Op-Ed: What we can do for ourselves to boost economy?
Everybody is “waiting” for the Fiscal Control Board in hopes that it will “give” us something. It remains to be seen which programs they would implement, etc. But why can’t we do something for ourselves?
In addition to the economic dependence that many Puerto Ricans experience under U.S. government programs, we have added, in the face of the Control Board, the economic dependence of “Thought, Initiative, and Creativity” (TIC). We’re also proposing an economic development plan for the island.
There is discussion as to if there is in fact an economic development plan for Puerto Rico, and certainly there must be a number of documents that prove that definitely there is a plan, but it has been and still is ineffective, and has failed in providing economic growth of the local economy.
One of the key elements that must be taken into consideration, and perhaps the most important one, is to acknowledge that each industry is different from one another, each having its own characteristics, special needs, and uniqueness that must be addressed separately, and not like “cattle,” as the saying goes: “one size doesn’t fit all.”
Acknowledging the above, then, the Economic and Growth Plan for Puerto Rico should be as follows:
- Create a “working team” which would be made of top business representatives from each industry, no politicians or academia or technicians, that will make the decisions about which incentives and business parameters will apply to each industry, including market size, competition, quantity of resources and their academic qualifications are available, etc.
- Change actual paradigms where economic incentives are provided the same to all industries, especially directed to the seller or manufacturer, when in many occasions the incentive should be directed to the purchaser/buyer, especially in those industries where the local companies face foreign/outside competition, providing the incentive to the buyer.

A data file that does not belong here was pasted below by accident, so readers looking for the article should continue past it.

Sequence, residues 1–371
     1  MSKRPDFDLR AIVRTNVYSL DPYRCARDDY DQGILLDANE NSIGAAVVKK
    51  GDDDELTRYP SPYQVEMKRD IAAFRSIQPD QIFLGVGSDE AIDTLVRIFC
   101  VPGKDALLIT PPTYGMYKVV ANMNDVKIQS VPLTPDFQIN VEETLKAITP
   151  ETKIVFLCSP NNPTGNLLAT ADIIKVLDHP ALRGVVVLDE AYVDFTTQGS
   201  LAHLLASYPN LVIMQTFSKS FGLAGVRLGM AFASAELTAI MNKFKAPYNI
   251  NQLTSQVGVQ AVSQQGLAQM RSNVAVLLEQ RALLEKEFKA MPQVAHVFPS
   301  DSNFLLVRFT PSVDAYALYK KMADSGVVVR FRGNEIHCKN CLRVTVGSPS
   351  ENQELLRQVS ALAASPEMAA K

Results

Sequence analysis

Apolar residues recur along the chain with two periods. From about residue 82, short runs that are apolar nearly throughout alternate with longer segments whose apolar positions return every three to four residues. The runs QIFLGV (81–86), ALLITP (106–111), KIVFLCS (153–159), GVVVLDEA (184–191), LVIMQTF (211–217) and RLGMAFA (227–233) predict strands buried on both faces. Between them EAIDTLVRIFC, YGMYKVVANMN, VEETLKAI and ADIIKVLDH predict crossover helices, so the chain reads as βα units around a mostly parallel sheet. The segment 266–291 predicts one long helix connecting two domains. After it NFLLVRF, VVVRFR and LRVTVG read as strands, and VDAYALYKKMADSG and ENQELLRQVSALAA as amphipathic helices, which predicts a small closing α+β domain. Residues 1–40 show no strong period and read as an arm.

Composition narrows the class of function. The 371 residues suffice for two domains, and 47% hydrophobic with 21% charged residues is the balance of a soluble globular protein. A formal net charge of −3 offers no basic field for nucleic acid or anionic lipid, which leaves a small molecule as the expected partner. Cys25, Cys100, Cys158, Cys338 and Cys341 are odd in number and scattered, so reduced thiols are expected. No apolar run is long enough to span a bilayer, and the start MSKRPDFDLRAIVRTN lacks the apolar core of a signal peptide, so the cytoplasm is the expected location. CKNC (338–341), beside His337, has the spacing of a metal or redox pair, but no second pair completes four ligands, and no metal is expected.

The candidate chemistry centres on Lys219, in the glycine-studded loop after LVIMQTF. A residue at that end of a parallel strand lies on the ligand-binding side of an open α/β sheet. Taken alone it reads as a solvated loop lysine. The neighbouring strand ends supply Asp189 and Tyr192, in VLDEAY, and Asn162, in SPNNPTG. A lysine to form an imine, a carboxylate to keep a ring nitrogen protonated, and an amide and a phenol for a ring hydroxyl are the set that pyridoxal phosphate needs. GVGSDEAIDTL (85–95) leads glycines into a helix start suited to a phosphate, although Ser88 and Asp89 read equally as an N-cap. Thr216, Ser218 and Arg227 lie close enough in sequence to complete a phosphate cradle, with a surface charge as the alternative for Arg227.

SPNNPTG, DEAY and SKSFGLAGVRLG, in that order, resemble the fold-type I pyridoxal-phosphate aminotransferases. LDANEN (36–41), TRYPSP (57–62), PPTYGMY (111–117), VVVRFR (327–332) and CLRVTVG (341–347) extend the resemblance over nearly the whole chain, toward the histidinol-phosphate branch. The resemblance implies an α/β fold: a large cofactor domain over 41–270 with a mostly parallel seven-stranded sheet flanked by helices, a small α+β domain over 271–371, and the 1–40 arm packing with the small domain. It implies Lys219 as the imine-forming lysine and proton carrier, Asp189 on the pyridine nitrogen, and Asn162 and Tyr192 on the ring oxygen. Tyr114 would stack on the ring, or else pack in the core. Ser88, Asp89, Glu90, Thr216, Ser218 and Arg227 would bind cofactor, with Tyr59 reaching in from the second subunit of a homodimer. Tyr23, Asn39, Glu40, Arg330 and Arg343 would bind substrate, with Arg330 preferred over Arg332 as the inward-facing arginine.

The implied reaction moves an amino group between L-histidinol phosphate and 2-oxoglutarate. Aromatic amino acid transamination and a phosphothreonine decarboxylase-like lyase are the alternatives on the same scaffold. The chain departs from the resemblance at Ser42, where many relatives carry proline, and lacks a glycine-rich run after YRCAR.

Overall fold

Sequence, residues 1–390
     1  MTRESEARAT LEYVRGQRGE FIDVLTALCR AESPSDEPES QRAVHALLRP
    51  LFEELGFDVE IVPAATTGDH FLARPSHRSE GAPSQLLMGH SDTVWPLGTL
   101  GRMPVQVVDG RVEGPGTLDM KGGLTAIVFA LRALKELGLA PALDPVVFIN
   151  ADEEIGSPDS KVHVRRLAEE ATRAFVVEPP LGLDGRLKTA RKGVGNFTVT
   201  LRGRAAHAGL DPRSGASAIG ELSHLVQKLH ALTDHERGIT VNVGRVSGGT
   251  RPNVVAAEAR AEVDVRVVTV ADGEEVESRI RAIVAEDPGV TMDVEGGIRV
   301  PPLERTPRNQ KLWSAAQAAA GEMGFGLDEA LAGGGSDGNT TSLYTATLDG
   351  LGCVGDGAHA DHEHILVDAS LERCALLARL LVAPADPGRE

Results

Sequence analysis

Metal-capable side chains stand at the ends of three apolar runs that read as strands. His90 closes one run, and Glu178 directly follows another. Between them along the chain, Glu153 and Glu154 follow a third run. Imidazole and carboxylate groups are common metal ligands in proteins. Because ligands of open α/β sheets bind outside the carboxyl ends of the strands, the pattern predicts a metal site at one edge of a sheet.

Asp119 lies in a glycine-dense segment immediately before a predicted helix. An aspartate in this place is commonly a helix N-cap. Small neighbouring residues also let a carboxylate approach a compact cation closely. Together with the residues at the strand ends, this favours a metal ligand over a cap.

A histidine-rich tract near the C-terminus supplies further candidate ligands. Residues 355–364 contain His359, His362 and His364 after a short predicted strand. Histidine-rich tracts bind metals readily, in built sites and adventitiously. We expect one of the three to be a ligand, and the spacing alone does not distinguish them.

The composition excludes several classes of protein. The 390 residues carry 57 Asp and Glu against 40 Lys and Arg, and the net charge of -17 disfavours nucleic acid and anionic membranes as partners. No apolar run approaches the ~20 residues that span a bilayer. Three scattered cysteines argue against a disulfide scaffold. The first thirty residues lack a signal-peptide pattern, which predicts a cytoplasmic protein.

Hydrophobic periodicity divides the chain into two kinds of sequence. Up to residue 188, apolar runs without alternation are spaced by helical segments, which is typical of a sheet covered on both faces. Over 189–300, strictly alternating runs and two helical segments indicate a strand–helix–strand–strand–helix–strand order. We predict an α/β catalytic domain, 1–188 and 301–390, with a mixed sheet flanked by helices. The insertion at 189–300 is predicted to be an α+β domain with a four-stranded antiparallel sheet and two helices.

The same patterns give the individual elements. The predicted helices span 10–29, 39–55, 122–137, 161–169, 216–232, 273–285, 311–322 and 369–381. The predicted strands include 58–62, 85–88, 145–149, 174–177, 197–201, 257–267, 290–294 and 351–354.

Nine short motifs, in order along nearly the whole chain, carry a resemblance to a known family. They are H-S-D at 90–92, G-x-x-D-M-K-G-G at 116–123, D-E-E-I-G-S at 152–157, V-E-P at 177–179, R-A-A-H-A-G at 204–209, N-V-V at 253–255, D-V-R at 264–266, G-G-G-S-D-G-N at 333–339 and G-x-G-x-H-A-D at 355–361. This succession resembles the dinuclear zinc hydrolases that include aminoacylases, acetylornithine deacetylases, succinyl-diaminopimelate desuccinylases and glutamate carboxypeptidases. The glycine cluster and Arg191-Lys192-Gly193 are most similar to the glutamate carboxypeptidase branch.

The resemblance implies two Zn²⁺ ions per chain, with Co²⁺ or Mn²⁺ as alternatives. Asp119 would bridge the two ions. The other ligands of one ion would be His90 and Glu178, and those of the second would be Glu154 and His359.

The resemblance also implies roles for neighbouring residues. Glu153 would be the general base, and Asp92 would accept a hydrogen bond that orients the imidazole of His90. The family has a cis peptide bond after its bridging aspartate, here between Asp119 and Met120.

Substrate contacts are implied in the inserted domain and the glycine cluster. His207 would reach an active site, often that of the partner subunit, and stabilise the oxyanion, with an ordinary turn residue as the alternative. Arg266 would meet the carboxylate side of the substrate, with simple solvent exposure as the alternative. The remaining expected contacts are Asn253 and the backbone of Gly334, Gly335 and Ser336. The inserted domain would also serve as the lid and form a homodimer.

For example, should Wal-Mart get a tax credit on its purchases to local companies, this would have a double effect: the companies receiving the purchases would increase their business volume, thus paying a higher tax dollar to the Treasury Department, would make the local company a stronger viable business, and would increase the local market for that particular industry, allowing the economic growth of those companies.
Wal-Mart would not object this initiative, as it opposed the special tax that Treasury wanted to imposed upon them, to the contrary, it would welcome the new incentive, as its business is a low margin profit relying on volume, and this would allow an additional way of improving that margin.
This credit would be by industry, as applicable, and will be available to foreign companies, as well as local companies, for example, transfer the incentive credit from the local chicken and egg producers (sellers), to the Supermarket/Groceries chains/stores (buyers), again producing profit for the final entity responsible for the pricing to the consumer.
Currently, the company that solicits the incentives ties economic benefits to the creation and commitment of additional employment. The commitment is made by the business without really knowing if it can accomplish it, while the government uses the commitment for propaganda and political objectives (“We have obtained from X company a commitment of six additional employees in the next five years.”)